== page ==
Black History Month in Automotive Industry | African American Automotive History

In honor of Black History Month, we would like to highlight some of the greatest achievements African Americans have made to the automotive industry, and how we continue to enjoy the excellence of these fellow inventors, engineers, and racing prodigies. Black History Month is vital to remembering and honoring the legends that have built what we take for granted today. 
 
   
   

Homer Roberts: First African American Car Dealership Owner

   
   

Homer Roberts was a pioneer to the advancement of African American society by exclusively brokering deals to many first time African American car buyers, and subsequently built his business from 7 used cars to a Ford frachise dealer of 60 cars. Homer Roberts not only became the first African American dealership owner, but led the industry in sales for Rickenbacker, an American automobile manufacturer based out of detroit.

   
     

     
   
 
 
Homer Roberts Automotive Owner
 
Homer Roberts Dealership
 
   

Pictured here is the very first African American owned car dealership, which Homer Roberts then went on to build out to a Ford franchise showroom, service and parts department, body shop, and even a gas station. Not only was he first, Homer Roberts led the nation in Hupmobile and Rickebacker sales in the 1920's.

 
 
   
   

C.R. Patterson: Founder of World's First African American Automotive Company

   
   

Many do not know of the legend of C.R. Patterson, the only known African American founder of an automotive company. C.R. Patterson & Sons Company was founded in 1893, after a partnership with J.P. Lowe in the carriage-making business. C.R. Patterson is the epitome of rags to riches, as he was born a slave in a West Virginia plantation in 1833. After escaping to Ohio in 1862, C.R. Patterson began to learn blacksmith trade skills that would then develop into the automotive trade he took upon later in life. C.R. Patterson & Sons were direct competitors to newly established Ford, and without the same funding, C.R. Patterson switched his focus to manufacture trucks, buses, and other utility vehicles. C.R. Patterson & Sons became the go to brand for buses in midwestern school districts that had recently converted from horse-drawn carriages in 1920.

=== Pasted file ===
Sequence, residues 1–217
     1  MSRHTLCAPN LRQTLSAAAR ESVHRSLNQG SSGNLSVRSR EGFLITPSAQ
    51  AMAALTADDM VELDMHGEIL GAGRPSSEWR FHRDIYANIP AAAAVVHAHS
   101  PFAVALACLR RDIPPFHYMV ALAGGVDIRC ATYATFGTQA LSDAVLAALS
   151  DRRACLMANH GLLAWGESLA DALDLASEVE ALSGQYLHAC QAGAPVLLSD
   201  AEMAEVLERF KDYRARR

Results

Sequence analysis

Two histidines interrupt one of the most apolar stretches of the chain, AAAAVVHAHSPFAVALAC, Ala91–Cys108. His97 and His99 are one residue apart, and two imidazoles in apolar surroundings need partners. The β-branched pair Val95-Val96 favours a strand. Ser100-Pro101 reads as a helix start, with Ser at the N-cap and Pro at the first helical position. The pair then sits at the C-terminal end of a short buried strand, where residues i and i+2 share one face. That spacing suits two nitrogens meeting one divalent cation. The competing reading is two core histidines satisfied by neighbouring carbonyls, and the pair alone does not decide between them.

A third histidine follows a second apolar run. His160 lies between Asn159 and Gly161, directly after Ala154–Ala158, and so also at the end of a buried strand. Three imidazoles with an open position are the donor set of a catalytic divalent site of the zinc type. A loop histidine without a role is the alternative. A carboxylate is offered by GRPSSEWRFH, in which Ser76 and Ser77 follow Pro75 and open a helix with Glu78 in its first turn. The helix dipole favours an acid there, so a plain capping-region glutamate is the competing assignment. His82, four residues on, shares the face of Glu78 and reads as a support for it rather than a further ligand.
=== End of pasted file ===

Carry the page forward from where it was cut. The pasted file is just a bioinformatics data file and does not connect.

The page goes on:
CR Patterson Automotive
 
CR Patterson Bus
 
   

The C.R. Patterson & Sons Company bus made headway in helping school districts across the country convert from traditional horse drawn carriages to one of the first every combustion engine vehicles, and led the way to the transportation we see in businesses and schools today.

 
 
   
   

Charlie Wiggins: African American Racing Legend

   
   

Born a dreamer, Charlie Wiggins began his childhood shining shoes in front of an auto repair shop in the early 1900's. One day he was invited in to help work in the auto repair shop, and a few years later he became chief mechanic as many left to fight in World War 1. Charlie Wiggins then moved to Indiana in 1922 where he opened his own garage and began pursuing his racing dream. Segregated from the Indy 500, Charlie Wiggins and other African American drivers began their own racing league, which drew a crowd of 12,000 in their first debut race in 1924. Over his extensive racing career, Charlie Wiggins won 3 Gold and Glory Sweepstake Championships. He then used his fame to speak against segregation in the automotive industry, quickly becoming a KKK target. Charlie Wiggins honorably kept pursuing African American participation in racing until he passed away at the age of 82.